I know what you are thinking — that wacky therapist has gone too far this time in his effort to come up with a catchy little title to his article. Marriage is purgatory??? That doesn’t exactly sound very romantic, does it? Well, let me explain. Although my particular theological persuasion does not in any way embrace the concept of an actual spiritual destination called purgatory, my understanding of this belief is that it is basically an unhappy place where flawed souls go to pay for their sins and to work towards perhaps someday getting through the pearly gates where joy, intimacy, acceptance and love abide. There you have it; that is exactly what marriage is. Let me break this down for you piece by piece.
#1 “It is basically an unhappy place.” Building a truly happy and mature marriage is difficult and painstaking work. Most couples experience a blissful, love-filled initial stage of their relationship that I call the “enmeshment” stage. There are few fights, if any, the sexual chemistry is hot and is very easy to maintain, and even people who were never previously given to deep emotional sharing sessions all of a sudden are intimacy all-pros with their newfound soul mates. The problem with the enmeshment stage is that it never, I mean never, ever lasts. Time, professional demands, mortgage payments, diapers that need changing, grass that needs cutting, homework that needs monitoring, aging, bald heads and expanded waist or hip sizes have a way of eating away at love’s zealous first bloom. My wife and I often say the following words as we exhaustedly face task after family task, “It sure takes a lot of work to maintain a family.” More damaging to a marriage’s romantic lifeblood even than all the many pressures of life is the inability to have good, clean, intense, and robust and sometimes ugly fights which eventually result in adjusted attitudes, improved communication and warm fuzzy reconnections followed by spirited lovemaking sessions. At my recent 25th high school reunion I was sitting at a table where several of the men were lamenting our downtrodden economy’s effect on their businesses. To that I responded, not intending to sound grandiose, that the business of marital therapy was absolutely booming and was, as far as I could tell, completely recession proof. The bliss just does not last. After anywhere from 1 to 4 years of marriage, the majority of couples are struggling with unmet expectations, major unresolved conflicts, hurt feelings and an ominous, growing sense of distance in the relationship.
#2 “Purgatory is a place where flawed souls go to pay for their sins.” Our theoretical approach here at Family Tree is based on an Old Testament scripture that reads, “The sins of the fathers shall be visited upon the children, and the children’s children, even to the third and fourth generation.” Very few people grow up in exceptionally healthy families. People have issues! Anyone who has ever been in a relationship has been in therapy, even if they have never considered darkening the door of a therapist’s office. Marriage is a place that we all go to work on our issues-to fight our demons, to face the combined effect of the sins of our forefathers on our imperfect personalities. By far, Family Tree’s most central and most important tenant is that marriage has been designed by God to give us an opportunity to heal the wounds that came as a result of our childhood experiences. God designed us to be strongly attracted only to individuals who, unbeknownst to us, basically represent the best and very worst qualities of our parents. Marriage is the best and most common battlefield in which most people have an opportunity to finally come to grips with their issues with their parents. A woman who grew up with a distant workaholic father will struggle to have a voice with her now workaholic husband. A man with disconnected, distant and under-nurturing parents will naturally be highly attracted to the mysterious, quiet and intriguingly distant new woman at work. Then he will work hard at attempting to connect with her — at finally gaining attention, praise, acceptance and nurturing from an individual who is supposed to love him, as his parents were supposed to love him. Marriage is the perfect place for flawed souls to pay for their sins, or to work at resolving the emotional baggage that comes with being a product of their particular normal American dysfunctional family.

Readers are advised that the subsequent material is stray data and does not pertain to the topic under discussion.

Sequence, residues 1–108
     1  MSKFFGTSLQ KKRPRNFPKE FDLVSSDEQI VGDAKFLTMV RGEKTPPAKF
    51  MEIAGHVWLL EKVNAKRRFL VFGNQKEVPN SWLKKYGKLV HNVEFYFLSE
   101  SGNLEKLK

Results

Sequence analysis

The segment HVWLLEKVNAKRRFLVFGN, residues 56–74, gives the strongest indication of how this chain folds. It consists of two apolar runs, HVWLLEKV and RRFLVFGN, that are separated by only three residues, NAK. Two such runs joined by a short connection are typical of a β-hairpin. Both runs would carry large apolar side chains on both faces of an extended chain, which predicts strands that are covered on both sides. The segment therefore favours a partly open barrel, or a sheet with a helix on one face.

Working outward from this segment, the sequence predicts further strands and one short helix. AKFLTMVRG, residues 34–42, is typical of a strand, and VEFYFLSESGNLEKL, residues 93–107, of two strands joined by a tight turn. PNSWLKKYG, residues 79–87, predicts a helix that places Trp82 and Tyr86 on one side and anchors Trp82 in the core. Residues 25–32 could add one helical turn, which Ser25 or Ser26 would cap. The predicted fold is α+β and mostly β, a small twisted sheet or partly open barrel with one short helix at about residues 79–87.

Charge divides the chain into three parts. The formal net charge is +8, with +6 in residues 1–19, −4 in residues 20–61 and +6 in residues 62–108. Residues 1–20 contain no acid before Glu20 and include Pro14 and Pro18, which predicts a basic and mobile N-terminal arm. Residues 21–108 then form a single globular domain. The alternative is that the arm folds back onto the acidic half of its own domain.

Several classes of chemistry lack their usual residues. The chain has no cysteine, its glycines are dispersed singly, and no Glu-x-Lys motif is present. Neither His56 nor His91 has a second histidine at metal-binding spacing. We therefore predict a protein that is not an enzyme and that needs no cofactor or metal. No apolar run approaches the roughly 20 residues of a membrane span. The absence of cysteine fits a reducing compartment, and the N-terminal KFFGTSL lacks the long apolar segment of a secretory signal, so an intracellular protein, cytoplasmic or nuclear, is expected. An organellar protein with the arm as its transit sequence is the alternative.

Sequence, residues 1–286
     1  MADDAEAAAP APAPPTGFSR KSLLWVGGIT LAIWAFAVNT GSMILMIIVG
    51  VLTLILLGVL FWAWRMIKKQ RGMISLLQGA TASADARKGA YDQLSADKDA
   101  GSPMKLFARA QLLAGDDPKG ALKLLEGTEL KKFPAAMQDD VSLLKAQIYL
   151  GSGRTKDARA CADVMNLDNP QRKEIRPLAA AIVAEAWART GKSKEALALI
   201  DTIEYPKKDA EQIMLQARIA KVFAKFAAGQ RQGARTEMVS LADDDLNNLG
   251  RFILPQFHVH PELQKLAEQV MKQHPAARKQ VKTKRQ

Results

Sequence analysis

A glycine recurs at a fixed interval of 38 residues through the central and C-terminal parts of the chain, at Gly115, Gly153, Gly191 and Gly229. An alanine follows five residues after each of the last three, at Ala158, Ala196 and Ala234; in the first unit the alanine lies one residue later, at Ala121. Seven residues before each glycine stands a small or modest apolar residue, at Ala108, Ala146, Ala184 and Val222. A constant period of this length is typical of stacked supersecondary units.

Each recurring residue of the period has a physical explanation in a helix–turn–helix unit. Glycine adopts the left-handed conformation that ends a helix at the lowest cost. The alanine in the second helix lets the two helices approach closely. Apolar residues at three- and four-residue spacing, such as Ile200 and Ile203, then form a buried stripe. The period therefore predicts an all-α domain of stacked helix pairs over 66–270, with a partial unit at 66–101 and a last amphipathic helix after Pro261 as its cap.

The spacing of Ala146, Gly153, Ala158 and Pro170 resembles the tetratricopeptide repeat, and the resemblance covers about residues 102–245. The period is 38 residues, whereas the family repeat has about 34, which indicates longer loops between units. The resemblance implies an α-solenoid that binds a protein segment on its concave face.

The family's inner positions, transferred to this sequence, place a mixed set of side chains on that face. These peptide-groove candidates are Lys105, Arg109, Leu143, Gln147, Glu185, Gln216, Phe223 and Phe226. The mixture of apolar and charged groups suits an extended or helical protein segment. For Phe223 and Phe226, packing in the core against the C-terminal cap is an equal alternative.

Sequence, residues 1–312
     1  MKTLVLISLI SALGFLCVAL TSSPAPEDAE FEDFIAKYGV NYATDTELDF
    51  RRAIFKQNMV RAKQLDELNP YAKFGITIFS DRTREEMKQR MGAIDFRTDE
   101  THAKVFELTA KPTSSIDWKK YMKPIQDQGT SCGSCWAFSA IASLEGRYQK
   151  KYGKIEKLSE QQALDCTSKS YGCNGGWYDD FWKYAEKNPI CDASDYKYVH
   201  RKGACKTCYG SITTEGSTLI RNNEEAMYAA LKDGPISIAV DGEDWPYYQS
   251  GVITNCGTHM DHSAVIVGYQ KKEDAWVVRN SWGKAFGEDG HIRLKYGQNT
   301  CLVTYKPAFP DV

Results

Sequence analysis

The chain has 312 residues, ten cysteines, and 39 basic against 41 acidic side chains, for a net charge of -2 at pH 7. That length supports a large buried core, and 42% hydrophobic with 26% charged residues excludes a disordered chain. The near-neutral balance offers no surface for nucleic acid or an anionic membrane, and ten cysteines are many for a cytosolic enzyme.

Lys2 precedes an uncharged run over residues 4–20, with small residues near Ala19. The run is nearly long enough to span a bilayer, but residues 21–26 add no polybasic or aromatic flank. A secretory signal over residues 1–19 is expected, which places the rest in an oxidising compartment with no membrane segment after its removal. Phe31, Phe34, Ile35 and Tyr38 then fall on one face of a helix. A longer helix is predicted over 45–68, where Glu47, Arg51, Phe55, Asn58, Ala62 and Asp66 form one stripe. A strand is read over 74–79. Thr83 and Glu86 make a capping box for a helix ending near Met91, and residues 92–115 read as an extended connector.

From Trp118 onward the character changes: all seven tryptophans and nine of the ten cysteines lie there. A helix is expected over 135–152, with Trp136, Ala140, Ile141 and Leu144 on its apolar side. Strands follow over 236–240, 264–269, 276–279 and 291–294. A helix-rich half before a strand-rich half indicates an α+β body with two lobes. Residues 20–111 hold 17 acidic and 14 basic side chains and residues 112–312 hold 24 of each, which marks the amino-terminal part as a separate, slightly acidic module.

#3 “Marriage is the natural place to work towards perhaps someday getting through the pearly gates (of relational heaven) where joy, intimacy, acceptance and love abide.” That is what marriage is; it is an opportunity to resolve past issues, forge a new and healthier self and then finally consistently taste the fruits of a solid interdependent marriage-deep intimacy, true acceptance even with the damning evidence of all of your many imperfections, a deep and lifelong love and a quiet and sustaining joy over the richness and many blessings that life offers us all. Unfortunately, for most people, marriage also represents a very real opportunity to sink into relationship hell, which is filled with bitterness, hate, divorce, lawyers, broken hearts, rage, addiction, betrayal and the like. A marriage is an opportunity to go either way-either through hard work, proactivity, insight, therapy, faith and forbearance to scale the heights of a true and mature lifelong partnership and love affair or through a lack of insight into one’s own issues, a victim mentality, a lack of commitment, an avoidance of therapy, and a lack of faith, descending into the pits of bitter, cold, emotionally cut off relational hell. The choice is yours. Most people can’t do this work without an expert guide to help them along the journey.
Mark E. Smith, LCSW